• That the items for which payment is claimed were in fact received or, in the case of services, that they were actually rendered
  • That the obligation does not exceed the available appropriation, and
  • That the submitted voucher is in proper form, mathematically correct, does not include previously paid charges or tax, and is in agreement with the voucher or purchase order or contract upon which it is based.

 

Ref:     Education Law §§1604(35)

8 NYCRR §170.2

Matter of Levy, 22 EDR 550 (1983)

 

 

 

Adoption date:           August 21, 2013

Budget Planning Regulation

The budget calendar prepared by the Superintendent of Schools shall include:

 

  • A schedule which sets forth all important meetings and dates, including deadlines for budget proposals from within the district;
  • Commencement dates and deadlines for certain budgetary tasks, such as the estimation of all revenues and income expected to be received by the district; and
  • Events such as the preliminary dates for the Board of Trustees’ consideration of the tentative budget.

 

As part of the budget planning process, the Superintendent of Schools and the Business Manager will evaluate:

 

  • The educational philosophy, goals and objectives of the District and their modification where required:
  • The district education program and support systems, such as transportation;
  • Census and enrollment projections;
  • The condition of the physical plant for operation and maintenance needs;
  • Debt service schedules; and
  • Estimated revenue from sources other than property tax (e.g. Federal aid)

 

 

Adoption date:           August 21, 2013

Budget Planning

The Superintendent of Schools, with the assistance of the Business Manager, shall be responsible for the preparation of the budget. This shall include developing a budget calendar in accordance with the Budget Planning Regulation, and adhering to that calendar. The budget calendar shall be approved by the Board of Trustees in advance of the preparation of the district’s annual budget.

 

The budget shall be designed to reflect the Board’s objectives for the education of the children of the district. It shall be carefully organized and planned to provide adequate accounting for each program expenditure, understanding of the financial needs of anticipated program developments, and be within the financial limitations of the district.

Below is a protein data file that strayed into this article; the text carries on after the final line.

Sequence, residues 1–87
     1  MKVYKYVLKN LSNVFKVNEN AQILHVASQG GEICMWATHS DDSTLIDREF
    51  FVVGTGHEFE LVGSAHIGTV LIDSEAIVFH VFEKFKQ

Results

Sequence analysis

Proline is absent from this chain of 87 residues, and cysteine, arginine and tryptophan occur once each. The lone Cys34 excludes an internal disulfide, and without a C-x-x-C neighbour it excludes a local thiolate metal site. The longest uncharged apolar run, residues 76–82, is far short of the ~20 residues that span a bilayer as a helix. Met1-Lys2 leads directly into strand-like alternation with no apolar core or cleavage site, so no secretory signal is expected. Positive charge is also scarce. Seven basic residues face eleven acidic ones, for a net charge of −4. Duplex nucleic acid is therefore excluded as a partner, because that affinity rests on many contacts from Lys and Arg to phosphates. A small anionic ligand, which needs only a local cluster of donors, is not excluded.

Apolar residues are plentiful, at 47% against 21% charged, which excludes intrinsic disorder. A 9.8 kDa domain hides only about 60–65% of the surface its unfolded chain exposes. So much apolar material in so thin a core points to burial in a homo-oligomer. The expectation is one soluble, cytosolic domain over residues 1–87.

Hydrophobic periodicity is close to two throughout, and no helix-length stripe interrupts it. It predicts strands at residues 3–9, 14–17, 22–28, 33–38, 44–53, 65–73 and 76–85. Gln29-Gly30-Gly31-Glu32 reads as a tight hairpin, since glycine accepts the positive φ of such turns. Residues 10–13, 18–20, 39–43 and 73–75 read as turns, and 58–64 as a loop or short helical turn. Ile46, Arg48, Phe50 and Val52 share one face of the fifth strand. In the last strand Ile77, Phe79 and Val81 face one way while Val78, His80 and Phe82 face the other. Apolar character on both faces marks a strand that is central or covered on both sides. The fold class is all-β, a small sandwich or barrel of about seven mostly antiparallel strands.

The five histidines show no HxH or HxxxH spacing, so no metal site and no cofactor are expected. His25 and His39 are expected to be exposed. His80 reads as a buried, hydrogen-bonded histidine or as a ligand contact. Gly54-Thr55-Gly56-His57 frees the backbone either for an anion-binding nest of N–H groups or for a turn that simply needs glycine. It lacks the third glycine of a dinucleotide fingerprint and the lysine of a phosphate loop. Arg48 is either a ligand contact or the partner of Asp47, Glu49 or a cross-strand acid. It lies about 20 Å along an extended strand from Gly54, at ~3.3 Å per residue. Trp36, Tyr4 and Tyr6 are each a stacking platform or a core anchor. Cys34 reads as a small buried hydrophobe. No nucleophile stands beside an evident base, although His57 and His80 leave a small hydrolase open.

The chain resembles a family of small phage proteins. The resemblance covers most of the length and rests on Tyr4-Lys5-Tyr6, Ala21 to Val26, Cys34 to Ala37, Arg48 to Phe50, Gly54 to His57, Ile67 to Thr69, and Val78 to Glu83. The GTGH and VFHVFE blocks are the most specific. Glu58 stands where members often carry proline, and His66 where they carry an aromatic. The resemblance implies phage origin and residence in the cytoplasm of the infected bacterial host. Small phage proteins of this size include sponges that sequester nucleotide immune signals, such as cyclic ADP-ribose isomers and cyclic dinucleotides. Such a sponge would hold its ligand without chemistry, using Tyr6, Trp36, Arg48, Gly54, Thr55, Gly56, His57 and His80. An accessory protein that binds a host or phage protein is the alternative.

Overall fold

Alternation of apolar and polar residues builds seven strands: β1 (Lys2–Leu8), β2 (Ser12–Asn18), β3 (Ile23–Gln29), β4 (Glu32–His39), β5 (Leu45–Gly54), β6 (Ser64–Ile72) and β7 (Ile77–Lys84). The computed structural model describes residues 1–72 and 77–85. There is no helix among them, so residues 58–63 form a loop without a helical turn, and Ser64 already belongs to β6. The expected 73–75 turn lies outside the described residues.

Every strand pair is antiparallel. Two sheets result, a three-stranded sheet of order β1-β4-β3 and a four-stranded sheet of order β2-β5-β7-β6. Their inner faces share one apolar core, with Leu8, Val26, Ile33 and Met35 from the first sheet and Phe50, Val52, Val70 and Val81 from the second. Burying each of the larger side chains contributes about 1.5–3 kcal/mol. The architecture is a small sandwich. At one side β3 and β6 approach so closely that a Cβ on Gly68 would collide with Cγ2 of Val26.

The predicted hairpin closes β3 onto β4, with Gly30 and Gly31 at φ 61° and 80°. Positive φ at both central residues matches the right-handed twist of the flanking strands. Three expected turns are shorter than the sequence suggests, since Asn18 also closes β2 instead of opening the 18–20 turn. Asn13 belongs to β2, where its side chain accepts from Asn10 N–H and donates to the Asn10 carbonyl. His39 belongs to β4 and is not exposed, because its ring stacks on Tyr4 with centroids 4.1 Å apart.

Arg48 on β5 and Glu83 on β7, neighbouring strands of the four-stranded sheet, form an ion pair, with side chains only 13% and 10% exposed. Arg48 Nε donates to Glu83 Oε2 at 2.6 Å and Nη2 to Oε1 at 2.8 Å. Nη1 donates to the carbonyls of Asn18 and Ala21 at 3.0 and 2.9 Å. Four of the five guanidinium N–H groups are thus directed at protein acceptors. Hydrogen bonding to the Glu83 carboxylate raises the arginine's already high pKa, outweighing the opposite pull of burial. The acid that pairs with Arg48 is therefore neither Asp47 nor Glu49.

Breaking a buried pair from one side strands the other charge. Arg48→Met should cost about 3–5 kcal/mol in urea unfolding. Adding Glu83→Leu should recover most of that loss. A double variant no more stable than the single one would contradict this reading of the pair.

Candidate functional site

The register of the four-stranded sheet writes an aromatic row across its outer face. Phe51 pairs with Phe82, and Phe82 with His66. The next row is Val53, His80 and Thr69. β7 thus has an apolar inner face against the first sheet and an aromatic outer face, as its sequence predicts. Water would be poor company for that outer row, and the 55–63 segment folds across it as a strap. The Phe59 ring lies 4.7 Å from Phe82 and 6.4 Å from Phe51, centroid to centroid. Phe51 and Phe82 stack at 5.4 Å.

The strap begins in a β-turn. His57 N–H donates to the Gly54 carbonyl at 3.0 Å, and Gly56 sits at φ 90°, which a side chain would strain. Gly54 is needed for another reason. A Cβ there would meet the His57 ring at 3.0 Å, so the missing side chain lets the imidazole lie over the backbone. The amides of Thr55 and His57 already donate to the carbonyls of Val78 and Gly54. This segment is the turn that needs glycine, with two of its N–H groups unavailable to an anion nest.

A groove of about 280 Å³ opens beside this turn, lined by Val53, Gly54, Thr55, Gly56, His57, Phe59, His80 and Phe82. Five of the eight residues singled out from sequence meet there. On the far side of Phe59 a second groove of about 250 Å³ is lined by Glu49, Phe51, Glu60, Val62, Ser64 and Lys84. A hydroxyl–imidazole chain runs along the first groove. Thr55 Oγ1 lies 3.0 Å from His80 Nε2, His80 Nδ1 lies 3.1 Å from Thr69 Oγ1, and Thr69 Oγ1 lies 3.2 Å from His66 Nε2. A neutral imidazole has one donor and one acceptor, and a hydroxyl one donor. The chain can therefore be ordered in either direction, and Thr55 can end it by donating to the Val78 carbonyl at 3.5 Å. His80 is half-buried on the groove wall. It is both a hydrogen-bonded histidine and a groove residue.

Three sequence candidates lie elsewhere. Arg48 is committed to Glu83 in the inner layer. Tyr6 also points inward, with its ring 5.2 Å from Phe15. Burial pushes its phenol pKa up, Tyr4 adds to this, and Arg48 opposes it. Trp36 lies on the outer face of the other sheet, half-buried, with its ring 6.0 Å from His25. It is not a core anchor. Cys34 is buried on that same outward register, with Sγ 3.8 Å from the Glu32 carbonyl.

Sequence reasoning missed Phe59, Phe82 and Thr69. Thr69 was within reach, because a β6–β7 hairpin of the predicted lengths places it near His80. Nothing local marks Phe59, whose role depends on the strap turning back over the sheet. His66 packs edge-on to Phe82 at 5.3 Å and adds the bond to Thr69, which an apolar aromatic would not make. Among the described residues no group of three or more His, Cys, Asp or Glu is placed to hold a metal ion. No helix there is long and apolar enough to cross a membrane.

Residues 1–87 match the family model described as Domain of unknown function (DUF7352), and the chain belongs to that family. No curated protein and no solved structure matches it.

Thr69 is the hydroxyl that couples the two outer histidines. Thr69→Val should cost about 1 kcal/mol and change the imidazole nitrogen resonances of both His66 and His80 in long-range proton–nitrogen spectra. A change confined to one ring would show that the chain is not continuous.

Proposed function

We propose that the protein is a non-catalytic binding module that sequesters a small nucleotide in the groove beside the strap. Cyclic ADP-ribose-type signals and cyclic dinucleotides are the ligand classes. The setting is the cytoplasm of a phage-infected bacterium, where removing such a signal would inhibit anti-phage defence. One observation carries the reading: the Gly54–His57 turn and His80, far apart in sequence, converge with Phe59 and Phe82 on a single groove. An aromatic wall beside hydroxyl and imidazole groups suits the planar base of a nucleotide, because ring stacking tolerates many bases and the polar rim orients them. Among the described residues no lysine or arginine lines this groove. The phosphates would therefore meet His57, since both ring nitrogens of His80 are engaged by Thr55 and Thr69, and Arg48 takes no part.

The budget for the ensuing school year shall be thoroughly reviewed by the Board before its presentation to the voters for final adoption.

 

 

Ref:     Education Law §§1608(2)-(4); 2002(1); 2003(1); 2004(1); 2022(2); 2601-a

Fiscal Management (NYSSBA, 1997)

 

 

Adoption date:           August 21, 2013

Budget Transfers

The transfer of funds between and within functional unit appropriations of the General Fund is commonly required during the school year. The Superintendent of Schools, based on the recommendation of the Business Manager, is authorized to make budget transfers, not to exceed $25,000.00 between line item accounts. The Superintendent of Schools will present all transfers in excess of $25,000.00 to the Board at its next regular meeting for approval.

 

Each time the Superintendent of Schools approves a transfer of funds, such transfer will be reviewed by the Board at its next regular meeting.

 

 

Ref:     Education Law §1718

8 NYCRR §170.2(1)

 

 

Adoption date:           August 21, 2013

Busing Policy

The Wainscott Common School District is concerned about the safety and wellbeing of all students as they are transported to and from the School to attend classes. At the end of the school day, students who are returned to their respective homes (or to the homes of other students, when such permission is granted by the parents) via school bus are to be met at the driveway of the home by a parent or other designated individual. Students are not permitted to exit the bus unless met by an adult who has permission to escort the child from the bus; exceptions to this rule may be made on an individual basis, with full consideration of the request and circumstances surrounding that request, and the parent’s absolving the District of any responsibility in granting such a request.

 

If a parent or other designated individual is not present to meet the bus at student drop-off time, the student will be returned to the School at the end of the bus run, after all other students have been returned home. Acknowledging the burden that this places on school staff who must tend to the child(ren) while awaiting the arrival of a parent or designated individual, the following procedure will be in place:

 

First offense of the semester (September 1-January 31 / February 1 – June 30)

Warning is issued

 

Second offense of the semester

Student is denied bus transportation for two (2) school days

 

Third offense of the semester